I’ve been reading (audio-booking really) the book Antifragile by Nassim Nicholas Taleb. Highly recommend it! This book crosses the boundaries of three of my major interests: Science & Futurism, Physical Training, and The Gym Business. So I bookmarked it a while ago, but was putting off reading it because it sounded really stuffy and academic honestly, and most of the time I’m pretty practical when it comes to books. But I finally got around to starting it, and wish I had sooner! The author also talks about lifting weights (Deadlifting), so that’s a nice bonus :).
In the book Taleb talks about this concept of “antifragility,” which is a term he coined, so most of the book so far is just him trying to make a case that this is a real, new idea, and that real world evidence demonstrates its importance. About 30 minutes into the book, he drops this line:
“Antifragility is beyond resilience or robustness. The resilient resists shocks and stays the same; the antifragile gets better.”
I had to pause and replay it back 6 or 7 times, because I realized there was something fundamentally new and interesting about this concept, and it wasn’t making much sense to me until this point.
It may be just the right time, because I’m dealing with a back injury that is forcing me to take a break from my regular training that has otherwise been pretty consistent for several years now.
In the past if I had a setback, well, that would generally indicate to me that it’s time to double down my commitments and work even harder to overcome that obstacle. I think this would represent the resilience and/or robustness Taleb is referring to. But does that mindset always make me better, or happier?
He also wrote The Black Swan, which is the precursor to Antifragile, and is basically about how many of history’s biggest catalysts came seemingly out of nowhere, and only in hindsight did it seem “obvious” that, say, the internet and smartphones would change the world, or that CrossFit would upend the fitness industry as it is doing.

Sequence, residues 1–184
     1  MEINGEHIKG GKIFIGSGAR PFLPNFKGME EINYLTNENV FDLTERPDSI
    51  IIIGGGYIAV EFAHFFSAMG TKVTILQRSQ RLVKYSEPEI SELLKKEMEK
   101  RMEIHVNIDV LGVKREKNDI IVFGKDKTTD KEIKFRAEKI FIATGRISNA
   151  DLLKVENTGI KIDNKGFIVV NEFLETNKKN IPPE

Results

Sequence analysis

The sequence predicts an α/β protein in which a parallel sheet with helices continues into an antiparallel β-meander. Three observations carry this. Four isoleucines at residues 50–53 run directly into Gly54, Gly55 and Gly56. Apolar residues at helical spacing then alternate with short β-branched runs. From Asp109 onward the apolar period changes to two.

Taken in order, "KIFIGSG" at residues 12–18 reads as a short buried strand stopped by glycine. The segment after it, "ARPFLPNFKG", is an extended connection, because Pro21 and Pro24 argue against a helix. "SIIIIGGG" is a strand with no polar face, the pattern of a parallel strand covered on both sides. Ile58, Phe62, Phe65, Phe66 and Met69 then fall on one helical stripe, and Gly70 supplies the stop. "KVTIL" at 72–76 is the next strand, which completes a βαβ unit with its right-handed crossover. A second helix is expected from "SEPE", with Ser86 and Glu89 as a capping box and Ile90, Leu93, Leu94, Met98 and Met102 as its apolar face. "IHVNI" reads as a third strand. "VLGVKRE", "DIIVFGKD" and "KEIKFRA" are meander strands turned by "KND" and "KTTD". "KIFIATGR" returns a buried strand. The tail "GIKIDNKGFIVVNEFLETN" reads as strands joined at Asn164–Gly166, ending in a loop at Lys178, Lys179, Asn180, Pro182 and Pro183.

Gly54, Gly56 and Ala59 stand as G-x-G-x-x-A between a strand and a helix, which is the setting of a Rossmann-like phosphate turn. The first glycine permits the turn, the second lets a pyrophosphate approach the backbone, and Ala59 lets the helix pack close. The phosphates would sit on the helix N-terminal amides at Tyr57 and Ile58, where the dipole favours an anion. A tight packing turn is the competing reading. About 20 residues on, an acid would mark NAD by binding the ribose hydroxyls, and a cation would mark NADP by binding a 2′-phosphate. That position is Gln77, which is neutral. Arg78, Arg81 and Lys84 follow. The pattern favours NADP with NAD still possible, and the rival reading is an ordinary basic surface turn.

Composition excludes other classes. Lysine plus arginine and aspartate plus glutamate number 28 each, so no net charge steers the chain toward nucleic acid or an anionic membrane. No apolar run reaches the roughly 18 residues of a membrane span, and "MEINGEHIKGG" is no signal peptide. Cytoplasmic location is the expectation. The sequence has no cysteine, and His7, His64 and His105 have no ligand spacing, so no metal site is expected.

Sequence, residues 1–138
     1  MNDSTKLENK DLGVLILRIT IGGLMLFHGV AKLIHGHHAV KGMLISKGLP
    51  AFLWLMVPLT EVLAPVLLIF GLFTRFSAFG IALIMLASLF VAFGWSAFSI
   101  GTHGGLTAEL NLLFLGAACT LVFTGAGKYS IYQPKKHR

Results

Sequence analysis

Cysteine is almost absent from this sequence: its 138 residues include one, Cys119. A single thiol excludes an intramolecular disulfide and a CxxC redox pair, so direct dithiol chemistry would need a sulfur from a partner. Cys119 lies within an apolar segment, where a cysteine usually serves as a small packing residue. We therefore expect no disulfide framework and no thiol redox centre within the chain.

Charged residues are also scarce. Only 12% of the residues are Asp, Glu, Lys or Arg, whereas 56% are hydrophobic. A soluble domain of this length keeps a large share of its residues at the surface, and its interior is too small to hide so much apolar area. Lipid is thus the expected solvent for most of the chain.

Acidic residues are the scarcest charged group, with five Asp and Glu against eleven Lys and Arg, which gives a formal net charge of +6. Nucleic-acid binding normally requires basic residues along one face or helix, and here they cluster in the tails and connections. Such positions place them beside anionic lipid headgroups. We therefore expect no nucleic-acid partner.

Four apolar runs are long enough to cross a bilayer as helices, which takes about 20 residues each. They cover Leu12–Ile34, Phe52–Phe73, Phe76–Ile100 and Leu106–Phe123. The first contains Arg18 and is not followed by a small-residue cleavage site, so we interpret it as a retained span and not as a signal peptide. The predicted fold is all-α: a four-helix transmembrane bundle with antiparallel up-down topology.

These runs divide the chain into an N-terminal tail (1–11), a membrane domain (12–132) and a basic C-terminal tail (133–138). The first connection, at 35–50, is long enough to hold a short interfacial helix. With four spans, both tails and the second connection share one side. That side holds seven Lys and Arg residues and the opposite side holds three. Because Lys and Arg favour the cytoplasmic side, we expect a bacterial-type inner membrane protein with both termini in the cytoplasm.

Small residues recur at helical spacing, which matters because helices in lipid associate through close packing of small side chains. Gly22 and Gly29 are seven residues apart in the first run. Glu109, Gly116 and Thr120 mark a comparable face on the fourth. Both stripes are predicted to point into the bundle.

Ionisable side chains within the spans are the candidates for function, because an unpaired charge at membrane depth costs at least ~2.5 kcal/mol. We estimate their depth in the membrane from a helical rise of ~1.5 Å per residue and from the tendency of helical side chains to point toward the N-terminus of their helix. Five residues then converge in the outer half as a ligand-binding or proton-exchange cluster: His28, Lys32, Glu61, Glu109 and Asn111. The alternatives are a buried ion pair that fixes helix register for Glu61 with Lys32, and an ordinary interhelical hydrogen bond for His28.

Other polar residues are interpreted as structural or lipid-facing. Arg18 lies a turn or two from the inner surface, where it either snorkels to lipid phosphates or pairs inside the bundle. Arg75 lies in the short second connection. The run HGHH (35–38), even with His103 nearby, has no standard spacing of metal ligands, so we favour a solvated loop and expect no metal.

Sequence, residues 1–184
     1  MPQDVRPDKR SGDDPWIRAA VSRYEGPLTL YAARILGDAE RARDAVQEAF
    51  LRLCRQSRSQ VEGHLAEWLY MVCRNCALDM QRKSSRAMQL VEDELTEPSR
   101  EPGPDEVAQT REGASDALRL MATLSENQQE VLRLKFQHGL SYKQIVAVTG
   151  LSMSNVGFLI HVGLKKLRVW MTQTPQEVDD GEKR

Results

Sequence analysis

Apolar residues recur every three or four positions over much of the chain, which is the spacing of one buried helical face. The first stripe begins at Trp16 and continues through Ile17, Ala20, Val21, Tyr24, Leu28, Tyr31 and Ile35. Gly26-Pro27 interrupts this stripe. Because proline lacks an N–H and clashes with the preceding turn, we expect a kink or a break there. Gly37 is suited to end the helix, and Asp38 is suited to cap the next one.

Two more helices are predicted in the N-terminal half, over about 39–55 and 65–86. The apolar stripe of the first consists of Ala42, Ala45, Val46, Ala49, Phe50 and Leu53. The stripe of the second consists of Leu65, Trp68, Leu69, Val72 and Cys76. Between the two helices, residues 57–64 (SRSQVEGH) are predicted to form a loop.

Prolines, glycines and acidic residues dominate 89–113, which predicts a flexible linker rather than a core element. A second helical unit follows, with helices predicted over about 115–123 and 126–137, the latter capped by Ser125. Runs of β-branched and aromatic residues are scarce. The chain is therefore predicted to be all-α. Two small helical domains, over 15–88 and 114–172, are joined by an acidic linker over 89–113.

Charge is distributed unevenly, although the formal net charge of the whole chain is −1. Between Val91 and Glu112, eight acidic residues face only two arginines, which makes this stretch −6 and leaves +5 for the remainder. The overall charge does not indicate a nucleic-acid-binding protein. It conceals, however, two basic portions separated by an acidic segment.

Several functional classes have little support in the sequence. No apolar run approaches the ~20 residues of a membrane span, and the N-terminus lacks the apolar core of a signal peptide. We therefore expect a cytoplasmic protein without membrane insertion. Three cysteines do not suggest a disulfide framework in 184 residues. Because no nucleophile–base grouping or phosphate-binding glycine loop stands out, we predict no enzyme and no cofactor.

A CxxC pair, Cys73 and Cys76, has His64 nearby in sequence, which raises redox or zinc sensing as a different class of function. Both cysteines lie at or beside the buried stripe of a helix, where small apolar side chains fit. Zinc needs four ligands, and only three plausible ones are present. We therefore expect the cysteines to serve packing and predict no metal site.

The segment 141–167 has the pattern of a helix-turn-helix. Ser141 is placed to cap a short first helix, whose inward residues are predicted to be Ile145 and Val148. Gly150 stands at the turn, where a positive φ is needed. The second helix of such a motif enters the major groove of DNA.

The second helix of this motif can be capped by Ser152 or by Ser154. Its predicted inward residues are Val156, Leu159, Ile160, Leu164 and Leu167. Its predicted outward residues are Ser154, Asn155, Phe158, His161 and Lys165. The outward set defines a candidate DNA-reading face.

So, I experienced my own sort of Black Swan: an injury that came out of nowhere, at a time when I was feeling stronger and better than ever. In retrospect I could see there were some signs (cutting corners in warm-ups and skipping mobility work due to time constraints, increased life stresses), and in the moments that followed I recognized that I had a choice: I could once again double down on my commitments and demonstrate a robustness (some might say stubbornness) that has served me well in several instances over the years, or I could… adapt.
This is the core of antifragility: responding to stress by adapting to new circumstances and information, potentially changing one’s goals and even one’s identity around those goals. Am I a Weightlifter if I’m not lifting heavy weights? Are we CrossFitters if we’re not setting PRs, and just trying to be healthy? Am I okay with that change in identity for myself? What was my real goal anyway? To Clean and Jerk 400 pounds, or to become the best human being I can be? Ahh, there it is: a reality check, and rewiring of my thinking.
I see now more than ever that my commitment to self growth and to the process is way more important than any specific goal in the gym, in business, or in life. My friends will still support me whether I’m physically strong or not. And because Black Swans do exist, we often don’t have nearly as much control as we tend to think we do over the outcomes. So we might as well commit to the process of improvement and adaptation instead, and strive to become antifragile and adaptable leaders and role models, rather than just tough ones.
I did this workout last night:
400m Run (around the block)
50 Thrusters @ 95#
It was tough, I haven’t done longer metcons in a long time. I have to be slow and careful on the Thrusters because of my back, but it’s getting better. I stopped to walk on the runs, and took several luxurious breaks throughout. I didn’t time it. Believe it or not, in my head I felt amazing the whole time (in my body it sucked), because it felt like my training was serving me again, rather than me being a slave to some goals I set a while ago. I am adapting.
I probably will step back into the competitive arena again, eventually. But don’t call it a comeback! It will just be me, entering the next phase of the journey, dancing and growing through it.
What are your goals? If you got blindsided by new information or circumstances that challenged those goals, would that mean it’s time to fight back, or make lemons into lemonade?
Cypher Health & Fitness Owner